Next you will need a paint palette. This is where you will mix, thin and drop off extra paint when you are painting. Paint palettes are made from a variety of materials from ceramic tile to plastic to rice paper ( in the case of wet palettes). You can buy from your local game shop, hobby store or from online store such as or if you are a little short on cash like me. Use an old piece of plastic packaging like a plastic jar lid etc. or maybe a split card sleeve. The latter being easier to obtain if you have friends that play collectible card games.
And last but not least we will need paint. I prefer the P3 line of paints simply because they are made with a liquid pigment. You can read more about them on as well as the interview with Mike McVey on For this project I will use the following three colors: Coal black ( I believe it to be an essential paint for anyone just like black and white.), Thamar Black, and Khador Red, red is the predominant faction color for Khador.
The three colors that will be used for the base coat.
And for added imagery this is what my work area looks like. Just in case you haven't gleaned from previous pictures what the chaos appears to look like.
Its always useful to have something that can hold your brushes for you.
So, lets get our Juggernaut.
Looks promising.

Ever so helpful the red arrows point out where primer has not reached.

Oh no! I t looks like there is some primer missing! Right there where the red arrows are pointing. Its ok. That happens all the time. There are recesses where primer spray has a hard time getting to and it dries up before reaching the surface. In the case of the armor plate above the left arm. Its on the right side of the picture, one of the helpful red arrows is pointing it out. That was where I unintentionally wiped it off with my thumb when i set it down to dry. ( And now you know why having gloves on is a good idea). So how do we deal with it? Well, by opening the black paint pot, dropping a little water on the palette and loading a paint brush with black paint. then you mix the paint on the brush with the water on the palette to thin it down a little bit and then apply it to the model.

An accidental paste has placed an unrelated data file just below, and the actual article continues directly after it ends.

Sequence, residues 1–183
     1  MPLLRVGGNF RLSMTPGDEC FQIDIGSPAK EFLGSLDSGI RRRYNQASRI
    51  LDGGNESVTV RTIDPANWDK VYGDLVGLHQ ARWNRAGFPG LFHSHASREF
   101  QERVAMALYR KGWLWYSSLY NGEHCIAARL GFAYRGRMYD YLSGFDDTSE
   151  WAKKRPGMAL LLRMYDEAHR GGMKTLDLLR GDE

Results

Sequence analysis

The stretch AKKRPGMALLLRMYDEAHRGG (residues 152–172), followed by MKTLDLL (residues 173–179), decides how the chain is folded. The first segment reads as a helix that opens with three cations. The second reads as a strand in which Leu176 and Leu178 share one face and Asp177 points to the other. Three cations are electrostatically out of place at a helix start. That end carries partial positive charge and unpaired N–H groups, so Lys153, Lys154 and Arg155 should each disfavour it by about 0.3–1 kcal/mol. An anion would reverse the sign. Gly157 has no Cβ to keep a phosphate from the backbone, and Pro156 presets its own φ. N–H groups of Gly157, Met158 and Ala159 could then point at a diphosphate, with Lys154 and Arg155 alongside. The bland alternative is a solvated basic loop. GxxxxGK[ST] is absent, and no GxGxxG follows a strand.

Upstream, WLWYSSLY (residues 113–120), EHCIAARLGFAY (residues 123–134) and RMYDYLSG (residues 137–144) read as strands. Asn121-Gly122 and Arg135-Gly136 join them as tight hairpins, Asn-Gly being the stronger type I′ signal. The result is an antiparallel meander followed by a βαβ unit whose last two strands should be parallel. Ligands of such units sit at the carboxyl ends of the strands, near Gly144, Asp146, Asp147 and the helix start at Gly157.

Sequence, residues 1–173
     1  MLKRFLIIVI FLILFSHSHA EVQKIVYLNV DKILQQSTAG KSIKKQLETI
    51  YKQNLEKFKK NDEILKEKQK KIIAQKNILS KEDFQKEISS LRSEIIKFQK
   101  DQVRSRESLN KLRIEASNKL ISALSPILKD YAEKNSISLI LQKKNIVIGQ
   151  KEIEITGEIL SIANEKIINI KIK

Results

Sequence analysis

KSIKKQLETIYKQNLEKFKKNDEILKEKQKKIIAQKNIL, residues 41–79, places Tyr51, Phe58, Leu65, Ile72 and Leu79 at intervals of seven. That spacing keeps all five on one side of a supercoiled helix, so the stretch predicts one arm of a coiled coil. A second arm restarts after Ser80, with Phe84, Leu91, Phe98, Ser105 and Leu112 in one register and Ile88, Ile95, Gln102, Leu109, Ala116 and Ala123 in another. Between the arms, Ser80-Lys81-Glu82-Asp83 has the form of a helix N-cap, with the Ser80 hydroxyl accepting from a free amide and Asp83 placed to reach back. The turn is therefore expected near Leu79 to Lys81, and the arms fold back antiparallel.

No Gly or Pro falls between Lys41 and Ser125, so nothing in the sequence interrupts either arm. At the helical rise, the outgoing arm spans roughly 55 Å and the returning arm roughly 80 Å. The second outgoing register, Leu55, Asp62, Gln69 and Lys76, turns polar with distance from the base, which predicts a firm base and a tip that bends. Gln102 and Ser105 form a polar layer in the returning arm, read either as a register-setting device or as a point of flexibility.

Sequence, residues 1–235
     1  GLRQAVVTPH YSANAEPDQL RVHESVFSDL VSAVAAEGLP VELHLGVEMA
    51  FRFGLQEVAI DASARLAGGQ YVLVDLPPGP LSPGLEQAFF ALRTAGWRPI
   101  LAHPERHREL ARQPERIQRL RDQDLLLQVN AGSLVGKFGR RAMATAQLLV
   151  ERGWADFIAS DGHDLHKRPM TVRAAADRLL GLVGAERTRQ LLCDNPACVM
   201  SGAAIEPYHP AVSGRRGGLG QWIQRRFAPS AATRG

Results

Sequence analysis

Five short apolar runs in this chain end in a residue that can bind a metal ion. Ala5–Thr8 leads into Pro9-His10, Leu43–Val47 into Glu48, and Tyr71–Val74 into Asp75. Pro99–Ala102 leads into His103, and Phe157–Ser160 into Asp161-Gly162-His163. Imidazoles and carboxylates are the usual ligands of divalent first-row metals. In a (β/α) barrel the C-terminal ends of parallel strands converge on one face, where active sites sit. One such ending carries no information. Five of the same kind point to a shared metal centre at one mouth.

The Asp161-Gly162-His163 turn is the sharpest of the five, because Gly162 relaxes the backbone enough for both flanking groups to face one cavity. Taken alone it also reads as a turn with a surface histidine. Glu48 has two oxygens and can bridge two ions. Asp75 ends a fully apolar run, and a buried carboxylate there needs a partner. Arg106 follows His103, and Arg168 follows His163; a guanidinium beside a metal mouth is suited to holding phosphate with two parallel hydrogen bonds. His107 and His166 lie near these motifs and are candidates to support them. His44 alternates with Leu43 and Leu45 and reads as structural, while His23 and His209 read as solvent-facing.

After a coat of black paint
For some clarification you can use a brush or an eye dropper to add water to your palette. Up until now it didn't matter which cup/jar you used to get the water to dilute your paint with. Now, however you get to make your arbitrary choice as to which cup (in my case) you use to rinse your brush in. Its a binary choice and one that you would do well to keep track of.  Now then we wait for the paint to dry.
 One little bit of advice: Be sure to have something to hold on to your model by. Like a piece of cork or some other material that you can poke with the brass rod or paperclip that you glued to your model. Acrylic paint isn't toxic, but it's nice not to have to explain the new color you hands have taken on.

And what do you know, it didn't take too long for the paint to dry.